[date]   Report Answers by Mr Jenkins

[date]   Witness Statement of John Smith 1st

[date]   Witness Statement of John Smith 2nd

For land documents the document type will generally be one of the following:

Application 1st Reg                    (Application Form for first registration of land - e.g. form FR1 or 1B)
Application to Change                (Application Form to change an already registered title - e.g. form AP1)
Application Form                        (Any other type of application form)
LLC Search                                (Certificate of Search of Register of Local Land Charges) 
Statement of Truth
Statutory Declaration
Transfer of Part                             

Note 1: a plan which forms part of a Conveyance, Transfer or other document should be combined with the Conveyance, Transfer, etc. in a single PDF named with a document type of Conveyance, Transfer, etc. A document type of Plan is only used where there is an unaccompanied plan.     

Note 2: a List of Documents (DL) form accompanying an Application Form can be combined with the Application Form in a single PDF named with a document type of Application Form or can be separate using a document type of List of Documents.  

Note 3: If you request from the Land Registry an official copy of a document filed under a title number e.g. AB123456 and you receive a letter saying e.g. "Further to your recent application for an official copy, unfortunately the Conveyance dated 15 March 1970 cannot be located, so we are unable to supply the official copy requested" it is useful to save the letter as a PDF named e.g. Conveyance not filed under AB123456 so that you know not to look for that document under that particular title number again.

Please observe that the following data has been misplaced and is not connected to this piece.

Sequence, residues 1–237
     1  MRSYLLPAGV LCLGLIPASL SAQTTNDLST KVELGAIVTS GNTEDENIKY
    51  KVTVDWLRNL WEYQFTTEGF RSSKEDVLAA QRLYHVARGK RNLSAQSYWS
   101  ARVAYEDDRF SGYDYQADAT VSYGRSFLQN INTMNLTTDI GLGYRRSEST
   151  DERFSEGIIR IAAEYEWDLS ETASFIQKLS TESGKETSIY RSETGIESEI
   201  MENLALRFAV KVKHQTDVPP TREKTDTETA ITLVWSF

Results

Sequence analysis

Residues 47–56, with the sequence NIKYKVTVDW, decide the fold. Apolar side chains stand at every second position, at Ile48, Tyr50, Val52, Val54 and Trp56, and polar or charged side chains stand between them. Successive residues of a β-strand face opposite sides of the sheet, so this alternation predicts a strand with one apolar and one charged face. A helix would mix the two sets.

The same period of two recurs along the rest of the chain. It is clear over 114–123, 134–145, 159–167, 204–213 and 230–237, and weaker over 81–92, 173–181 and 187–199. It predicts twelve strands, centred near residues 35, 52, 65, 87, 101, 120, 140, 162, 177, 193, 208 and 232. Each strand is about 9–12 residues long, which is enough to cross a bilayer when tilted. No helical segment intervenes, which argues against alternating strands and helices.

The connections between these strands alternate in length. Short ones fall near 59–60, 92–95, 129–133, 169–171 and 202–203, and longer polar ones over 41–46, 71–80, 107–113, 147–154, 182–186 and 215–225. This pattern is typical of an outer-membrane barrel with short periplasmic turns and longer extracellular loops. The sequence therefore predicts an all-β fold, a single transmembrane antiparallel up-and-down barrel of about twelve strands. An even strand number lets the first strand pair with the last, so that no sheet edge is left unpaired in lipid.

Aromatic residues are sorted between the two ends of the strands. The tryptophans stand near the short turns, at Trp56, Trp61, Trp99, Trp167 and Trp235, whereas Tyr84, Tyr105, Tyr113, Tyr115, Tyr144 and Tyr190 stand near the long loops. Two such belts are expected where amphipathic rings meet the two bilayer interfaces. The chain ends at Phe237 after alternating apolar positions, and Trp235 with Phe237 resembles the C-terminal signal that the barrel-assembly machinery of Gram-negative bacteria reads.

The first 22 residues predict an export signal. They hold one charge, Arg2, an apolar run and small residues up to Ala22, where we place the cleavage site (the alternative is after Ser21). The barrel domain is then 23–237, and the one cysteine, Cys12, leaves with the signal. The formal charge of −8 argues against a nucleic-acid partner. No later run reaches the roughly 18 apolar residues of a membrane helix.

A document may be a formal exhibit referred to in a witness statement for one of two reasons. In a witness statement intended to be used for a application early on in the proceedings (e.g. an application for a temporary injunction pending trial) every document relied on in the application has to be exhibited because there is, as yet, no formal agreed trial bundle of documents. But in a witness statement intended to be used in the final trial, only certain documents are exhibited: specifically photographs are exhibited so that the witness can say in their statement what it is a photo of and when it was taken. If a photograph to be used at the final trial has already been used as an exhibit at an earlier application then the PDF containing both the photograph itself, and the exhibit frontsheet (i.e. the first page containing a signed sheet saying "this is the exhibit marked....") should be stored with a name which includes the exhibit number like this:

Exhibit JJS3 Photo - 22-05-2015   

so that it can easily be used at the trial.


Where on a document can I find the date of the document?

For many documents - letters, emails, invoices, etc. - the date of the document is obvious but here are some tips for documents where it may be less obvious.